“There Is No Such Things as a One-Hit-Wonder Anymore”

Sometimes all you’ve got in you is one great song. But what a song. The classic one-hit-wonder is “In the Year 2525” by Zager and Evans from 1969. HUGE hit. But then Z&E disappeared forever.

But is the traditional notion of a one-hit-wonder still applicable in today’s music environment? Maybe not. Thank (blame?) the Internet.  That’s the contention of this article at New Rock Star Philosophy.

Kreayshawn is an artist that deftly used the internet, her colourful personality, an active web presence, and one smash hit song “Gucci, Gucci”+ video to create a career that had her fighting for “Best New Artist” at the MTV VMA’s.

Within days of posting “Gucci Gucci” it spread virally across the internet and within months she was signed to a major label and work was started on her debut album.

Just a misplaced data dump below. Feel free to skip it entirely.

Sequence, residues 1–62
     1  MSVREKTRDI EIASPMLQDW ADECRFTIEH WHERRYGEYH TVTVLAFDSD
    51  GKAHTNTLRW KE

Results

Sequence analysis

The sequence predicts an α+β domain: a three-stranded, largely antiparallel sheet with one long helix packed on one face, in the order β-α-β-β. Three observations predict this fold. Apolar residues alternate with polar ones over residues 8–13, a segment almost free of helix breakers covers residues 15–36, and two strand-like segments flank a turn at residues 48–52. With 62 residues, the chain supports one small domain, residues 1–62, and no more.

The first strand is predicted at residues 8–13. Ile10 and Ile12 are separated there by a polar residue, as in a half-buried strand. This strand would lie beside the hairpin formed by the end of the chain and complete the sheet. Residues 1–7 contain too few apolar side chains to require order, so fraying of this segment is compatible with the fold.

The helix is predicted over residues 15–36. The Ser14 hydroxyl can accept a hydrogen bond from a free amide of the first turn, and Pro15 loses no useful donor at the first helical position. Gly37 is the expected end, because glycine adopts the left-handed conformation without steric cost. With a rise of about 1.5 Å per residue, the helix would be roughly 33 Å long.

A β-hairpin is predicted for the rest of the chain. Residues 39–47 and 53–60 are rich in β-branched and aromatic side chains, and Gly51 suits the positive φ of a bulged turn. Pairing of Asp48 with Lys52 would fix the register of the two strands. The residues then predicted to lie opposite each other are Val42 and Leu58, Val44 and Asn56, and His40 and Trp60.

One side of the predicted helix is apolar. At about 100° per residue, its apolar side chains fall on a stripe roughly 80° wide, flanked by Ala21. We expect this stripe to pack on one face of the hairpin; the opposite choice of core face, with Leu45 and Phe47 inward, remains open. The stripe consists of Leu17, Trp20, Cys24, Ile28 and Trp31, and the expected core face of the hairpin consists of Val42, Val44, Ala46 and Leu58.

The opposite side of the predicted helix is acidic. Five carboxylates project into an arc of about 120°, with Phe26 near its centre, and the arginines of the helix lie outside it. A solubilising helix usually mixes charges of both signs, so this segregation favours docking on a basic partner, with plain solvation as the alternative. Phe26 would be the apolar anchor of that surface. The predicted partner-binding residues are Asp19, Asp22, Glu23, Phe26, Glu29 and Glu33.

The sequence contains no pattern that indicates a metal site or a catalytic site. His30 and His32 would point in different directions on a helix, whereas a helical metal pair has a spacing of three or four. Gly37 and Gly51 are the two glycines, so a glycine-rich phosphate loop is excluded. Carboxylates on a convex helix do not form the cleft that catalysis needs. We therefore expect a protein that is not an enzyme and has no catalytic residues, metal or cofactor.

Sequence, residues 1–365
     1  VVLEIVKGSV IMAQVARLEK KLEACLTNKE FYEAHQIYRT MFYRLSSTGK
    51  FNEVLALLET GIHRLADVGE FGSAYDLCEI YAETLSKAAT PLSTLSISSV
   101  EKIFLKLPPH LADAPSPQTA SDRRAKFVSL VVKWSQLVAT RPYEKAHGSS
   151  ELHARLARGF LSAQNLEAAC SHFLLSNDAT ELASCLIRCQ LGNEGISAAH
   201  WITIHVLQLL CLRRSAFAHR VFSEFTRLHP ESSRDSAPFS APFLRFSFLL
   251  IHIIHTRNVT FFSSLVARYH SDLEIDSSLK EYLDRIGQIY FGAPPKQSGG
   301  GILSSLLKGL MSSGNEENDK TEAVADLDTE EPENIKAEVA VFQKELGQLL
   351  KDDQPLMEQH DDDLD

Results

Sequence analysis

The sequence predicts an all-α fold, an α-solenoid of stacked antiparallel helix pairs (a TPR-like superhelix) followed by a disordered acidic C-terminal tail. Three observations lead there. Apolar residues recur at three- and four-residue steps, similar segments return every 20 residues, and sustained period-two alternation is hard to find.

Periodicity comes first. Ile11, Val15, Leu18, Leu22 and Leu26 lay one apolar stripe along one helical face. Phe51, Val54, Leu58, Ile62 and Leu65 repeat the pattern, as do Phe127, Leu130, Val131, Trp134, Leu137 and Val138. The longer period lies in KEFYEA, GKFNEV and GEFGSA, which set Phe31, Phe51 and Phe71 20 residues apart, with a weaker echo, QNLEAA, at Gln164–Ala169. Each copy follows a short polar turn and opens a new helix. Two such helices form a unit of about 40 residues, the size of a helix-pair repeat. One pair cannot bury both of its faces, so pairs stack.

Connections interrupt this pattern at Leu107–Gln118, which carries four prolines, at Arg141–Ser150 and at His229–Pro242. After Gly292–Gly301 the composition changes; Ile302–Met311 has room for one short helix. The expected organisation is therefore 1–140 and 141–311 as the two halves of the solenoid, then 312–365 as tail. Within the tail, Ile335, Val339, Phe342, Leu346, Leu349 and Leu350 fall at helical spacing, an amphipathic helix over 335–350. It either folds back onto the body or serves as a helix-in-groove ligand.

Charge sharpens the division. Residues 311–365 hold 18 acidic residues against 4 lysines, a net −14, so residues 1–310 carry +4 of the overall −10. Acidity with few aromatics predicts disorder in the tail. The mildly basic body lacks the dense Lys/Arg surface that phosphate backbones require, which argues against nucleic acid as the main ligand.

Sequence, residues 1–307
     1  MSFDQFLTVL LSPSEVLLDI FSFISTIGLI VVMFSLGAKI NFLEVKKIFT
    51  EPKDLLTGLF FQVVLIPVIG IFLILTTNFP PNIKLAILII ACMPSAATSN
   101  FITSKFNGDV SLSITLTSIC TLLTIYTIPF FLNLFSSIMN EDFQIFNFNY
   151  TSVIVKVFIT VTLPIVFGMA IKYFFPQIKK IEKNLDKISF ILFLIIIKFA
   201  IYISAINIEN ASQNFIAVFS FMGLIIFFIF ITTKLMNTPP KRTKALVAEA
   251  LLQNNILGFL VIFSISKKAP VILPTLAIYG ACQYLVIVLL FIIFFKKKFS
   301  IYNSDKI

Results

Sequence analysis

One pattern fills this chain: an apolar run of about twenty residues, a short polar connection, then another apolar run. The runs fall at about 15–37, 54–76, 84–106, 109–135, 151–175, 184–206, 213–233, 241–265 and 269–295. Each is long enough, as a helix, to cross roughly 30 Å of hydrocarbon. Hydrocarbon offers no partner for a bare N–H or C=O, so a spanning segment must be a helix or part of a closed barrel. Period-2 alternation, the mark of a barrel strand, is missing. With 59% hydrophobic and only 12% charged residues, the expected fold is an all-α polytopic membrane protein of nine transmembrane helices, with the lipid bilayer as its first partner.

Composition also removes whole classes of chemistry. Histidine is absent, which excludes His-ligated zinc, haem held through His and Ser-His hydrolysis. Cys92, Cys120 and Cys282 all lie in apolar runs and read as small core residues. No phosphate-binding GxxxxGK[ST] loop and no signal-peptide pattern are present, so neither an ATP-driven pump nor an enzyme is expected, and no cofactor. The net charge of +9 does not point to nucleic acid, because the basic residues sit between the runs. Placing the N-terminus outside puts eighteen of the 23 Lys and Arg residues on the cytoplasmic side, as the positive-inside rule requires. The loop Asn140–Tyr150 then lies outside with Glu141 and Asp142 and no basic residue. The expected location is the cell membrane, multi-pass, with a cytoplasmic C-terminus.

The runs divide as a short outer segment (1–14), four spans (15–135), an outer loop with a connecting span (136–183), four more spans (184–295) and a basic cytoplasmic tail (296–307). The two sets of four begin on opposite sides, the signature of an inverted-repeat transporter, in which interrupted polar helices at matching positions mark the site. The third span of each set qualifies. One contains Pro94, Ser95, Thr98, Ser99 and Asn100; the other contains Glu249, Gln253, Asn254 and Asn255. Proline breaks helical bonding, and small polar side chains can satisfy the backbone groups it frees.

I have been watching Kreayshawn’s career throughout the last while and when I saw that her anticipated debut album got a 3.0 on Pitchfork I realized that her abysmal rating on the hugely powerful website doesn’t really matter. It’s true that although a large part of her original fanbase won’t be interested in her debut album she STILL will have an audience. This is because in the age of the internet the idea of a one hit wonder is gone. Disappeared. At least in our traditional definition.

Keep reading.

Alan Cross

is an internationally known broadcaster, interviewer, writer, consultant, blogger and speaker. In his 30+ years in the music business, Alan has interviewed the biggest names in rock, from David Bowie and U2 to Pearl Jam and the Foo Fighters. He’s also known as a musicologist and documentarian through programs like The Ongoing History of New Music.

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